|Commenced in January 2007||Frequency: Monthly||Edition: International||Paper Count: 6|
In electromagnetic imaging, because of the diffraction limited system, the pixel values could change slowly near the edge of the image targets and they also change with the location in the same target. Using traditional digital image segmentation methods to segment electromagnetic gradient images could result in lots of errors because of this change in pixel values. To address this issue, this paper proposes a novel image segmentation and extraction algorithm based on Mean-Shift and dictionary learning. Firstly, the preliminary segmentation results from adaptive bandwidth Mean-Shift algorithm are expanded, merged and extracted. Then the overlap rate of the extracted image block is detected before determining a segmentation region with a single complete target. Last, the gradient edge of the extracted targets is recovered and reconstructed by using a dictionary-learning algorithm, while the final segmentation results are obtained which are very close to the gradient target in the original image. Both the experimental results and the simulated results show that the segmentation results are very accurate. The Dice coefficients are improved by 70% to 80% compared with the Mean-Shift only method.
Speaker recognition is performed in high Additive White Gaussian Noise (AWGN) environments using principals of Computational Auditory Scene Analysis (CASA). CASA methods often classify sounds from images in the time-frequency (T-F) plane using spectrograms or cochleargrams as the image. In this paper atomic decomposition implemented by matching pursuit performs a transform from time series speech signals to the T-F plane. The atomic decomposition creates a sparsely populated T-F vector in “weight space” where each populated T-F position contains an amplitude weight. The weight space vector along with the atomic dictionary represents a denoised, compressed version of the original signal. The arraignment or of the atomic indices in the T-F vector are used for classification. Unsupervised feature learning implemented by a sparse autoencoder learns a single dictionary of basis features from a collection of envelope samples from all speakers. The approach is demonstrated using pairs of speakers from the TIMIT data set. Pairs of speakers are selected randomly from a single district. Each speak has 10 sentences. Two are used for training and 8 for testing. Atomic index probabilities are created for each training sentence and also for each test sentence. Classification is performed by finding the lowest Euclidean distance between then probabilities from the training sentences and the test sentences. Training is done at a 30dB Signal-to-Noise Ratio (SNR). Testing is performed at SNR’s of 0 dB, 5 dB, 10 dB and 30dB. The algorithm has a baseline classification accuracy of ~93% averaged over 10 pairs of speakers from the TIMIT data set. The baseline accuracy is attributable to short sequences of training and test data as well as the overall simplicity of the classification algorithm. The accuracy is not affected by AWGN and produces ~93% accuracy at 0dB SNR.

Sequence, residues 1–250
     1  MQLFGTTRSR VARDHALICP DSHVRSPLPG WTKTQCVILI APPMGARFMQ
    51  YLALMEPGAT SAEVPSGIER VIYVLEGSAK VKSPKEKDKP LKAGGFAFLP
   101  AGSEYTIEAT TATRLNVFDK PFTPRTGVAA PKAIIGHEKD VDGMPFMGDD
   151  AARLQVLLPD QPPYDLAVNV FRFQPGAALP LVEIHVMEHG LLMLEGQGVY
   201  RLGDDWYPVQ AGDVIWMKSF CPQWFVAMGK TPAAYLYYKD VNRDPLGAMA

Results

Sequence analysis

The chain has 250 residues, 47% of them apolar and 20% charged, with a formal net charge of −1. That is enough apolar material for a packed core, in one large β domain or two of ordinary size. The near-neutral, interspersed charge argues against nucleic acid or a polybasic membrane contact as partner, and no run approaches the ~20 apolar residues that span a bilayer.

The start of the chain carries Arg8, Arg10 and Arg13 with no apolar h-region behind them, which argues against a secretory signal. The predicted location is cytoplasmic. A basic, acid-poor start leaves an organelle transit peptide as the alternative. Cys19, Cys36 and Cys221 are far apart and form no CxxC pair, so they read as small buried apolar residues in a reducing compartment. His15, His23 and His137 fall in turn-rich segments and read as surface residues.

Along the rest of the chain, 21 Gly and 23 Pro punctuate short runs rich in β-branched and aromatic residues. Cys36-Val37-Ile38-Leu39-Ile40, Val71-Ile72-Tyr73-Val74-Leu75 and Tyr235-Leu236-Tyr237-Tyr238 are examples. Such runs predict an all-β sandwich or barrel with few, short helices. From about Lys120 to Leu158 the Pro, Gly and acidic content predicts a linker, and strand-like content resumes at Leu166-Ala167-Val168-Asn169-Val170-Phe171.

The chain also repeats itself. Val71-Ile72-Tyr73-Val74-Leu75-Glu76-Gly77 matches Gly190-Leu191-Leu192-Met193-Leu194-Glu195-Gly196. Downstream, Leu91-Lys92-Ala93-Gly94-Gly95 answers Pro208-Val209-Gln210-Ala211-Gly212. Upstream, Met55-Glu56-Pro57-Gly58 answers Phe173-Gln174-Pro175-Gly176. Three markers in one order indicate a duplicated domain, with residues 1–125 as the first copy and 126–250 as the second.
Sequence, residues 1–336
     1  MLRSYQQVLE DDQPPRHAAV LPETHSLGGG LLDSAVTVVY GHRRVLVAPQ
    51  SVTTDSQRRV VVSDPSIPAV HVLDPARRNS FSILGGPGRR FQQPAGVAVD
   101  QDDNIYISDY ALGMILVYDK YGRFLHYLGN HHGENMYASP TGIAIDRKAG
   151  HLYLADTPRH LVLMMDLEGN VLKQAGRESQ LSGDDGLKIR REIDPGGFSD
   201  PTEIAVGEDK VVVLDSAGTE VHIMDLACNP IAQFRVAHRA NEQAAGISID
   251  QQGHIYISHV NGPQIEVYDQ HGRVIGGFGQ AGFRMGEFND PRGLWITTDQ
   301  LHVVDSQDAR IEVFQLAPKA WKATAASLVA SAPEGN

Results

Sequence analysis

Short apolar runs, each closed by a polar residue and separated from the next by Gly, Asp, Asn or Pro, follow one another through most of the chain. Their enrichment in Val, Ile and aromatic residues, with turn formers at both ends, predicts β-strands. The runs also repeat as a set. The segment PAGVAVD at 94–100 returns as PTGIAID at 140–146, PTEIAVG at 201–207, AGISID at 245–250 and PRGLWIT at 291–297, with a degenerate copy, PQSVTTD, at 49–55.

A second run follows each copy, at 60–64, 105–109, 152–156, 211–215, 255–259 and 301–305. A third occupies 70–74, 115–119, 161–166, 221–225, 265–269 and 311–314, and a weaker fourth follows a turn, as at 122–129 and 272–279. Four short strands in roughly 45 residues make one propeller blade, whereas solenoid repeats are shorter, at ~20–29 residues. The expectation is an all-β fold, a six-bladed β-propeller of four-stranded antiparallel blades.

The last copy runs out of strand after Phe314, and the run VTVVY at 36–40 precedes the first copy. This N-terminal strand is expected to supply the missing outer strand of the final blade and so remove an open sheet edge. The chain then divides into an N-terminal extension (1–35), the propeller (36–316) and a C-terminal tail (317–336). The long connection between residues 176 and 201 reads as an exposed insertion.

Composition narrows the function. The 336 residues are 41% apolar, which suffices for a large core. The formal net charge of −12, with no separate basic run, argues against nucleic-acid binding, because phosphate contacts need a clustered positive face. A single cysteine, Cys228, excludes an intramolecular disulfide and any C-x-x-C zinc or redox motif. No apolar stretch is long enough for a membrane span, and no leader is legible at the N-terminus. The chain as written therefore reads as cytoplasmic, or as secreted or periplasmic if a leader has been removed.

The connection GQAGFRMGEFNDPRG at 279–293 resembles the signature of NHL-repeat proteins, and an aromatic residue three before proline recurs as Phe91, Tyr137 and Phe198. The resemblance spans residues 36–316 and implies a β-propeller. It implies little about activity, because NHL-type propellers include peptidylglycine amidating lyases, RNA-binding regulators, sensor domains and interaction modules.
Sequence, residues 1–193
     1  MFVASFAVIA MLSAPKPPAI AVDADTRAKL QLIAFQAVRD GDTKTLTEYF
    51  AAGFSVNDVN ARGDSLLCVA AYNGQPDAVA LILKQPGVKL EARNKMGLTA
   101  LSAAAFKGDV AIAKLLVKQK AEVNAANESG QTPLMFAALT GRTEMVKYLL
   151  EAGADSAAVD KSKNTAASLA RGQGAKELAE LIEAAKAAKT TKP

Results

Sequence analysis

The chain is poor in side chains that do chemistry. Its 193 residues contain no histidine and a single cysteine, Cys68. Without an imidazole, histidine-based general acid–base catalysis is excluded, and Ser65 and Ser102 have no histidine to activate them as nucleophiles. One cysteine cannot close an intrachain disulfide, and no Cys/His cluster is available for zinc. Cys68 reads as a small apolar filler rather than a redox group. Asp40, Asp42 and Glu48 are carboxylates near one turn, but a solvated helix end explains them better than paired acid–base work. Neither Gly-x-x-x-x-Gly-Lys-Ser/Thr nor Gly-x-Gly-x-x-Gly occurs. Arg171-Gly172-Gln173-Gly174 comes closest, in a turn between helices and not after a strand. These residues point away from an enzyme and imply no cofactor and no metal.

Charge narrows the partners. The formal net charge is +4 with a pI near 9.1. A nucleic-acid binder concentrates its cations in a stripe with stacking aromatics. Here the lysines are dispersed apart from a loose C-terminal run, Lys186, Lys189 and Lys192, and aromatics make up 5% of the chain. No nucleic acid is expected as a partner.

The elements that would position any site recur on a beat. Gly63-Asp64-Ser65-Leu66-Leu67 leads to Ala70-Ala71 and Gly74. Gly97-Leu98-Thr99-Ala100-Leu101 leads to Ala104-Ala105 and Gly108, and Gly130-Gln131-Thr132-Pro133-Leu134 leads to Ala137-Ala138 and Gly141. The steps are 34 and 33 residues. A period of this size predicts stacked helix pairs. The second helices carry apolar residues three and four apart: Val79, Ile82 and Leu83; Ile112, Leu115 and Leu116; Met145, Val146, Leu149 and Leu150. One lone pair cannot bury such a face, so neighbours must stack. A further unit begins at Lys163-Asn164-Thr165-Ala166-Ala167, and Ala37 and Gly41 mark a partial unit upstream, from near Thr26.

Sparse representation has long been studied and several dictionary learning methods have been proposed. The dictionary learning methods are widely used because they are adaptive. In this paper, a new dictionary learning method for audio is proposed. Signals are at first decomposed into different degrees of Intrinsic Mode Functions (IMF) using Empirical Mode Decomposition (EMD) technique. Then these IMFs form a learned dictionary. To reduce the size of the dictionary, the K-means method is applied to the dictionary to generate a K-EMD dictionary. Compared to K-SVD algorithm, the K-EMD dictionary decomposes audio signals into structured components, thus the sparsity of the representation is increased by 34.4% and the SNR of the recovered audio signals is increased by 20.9%.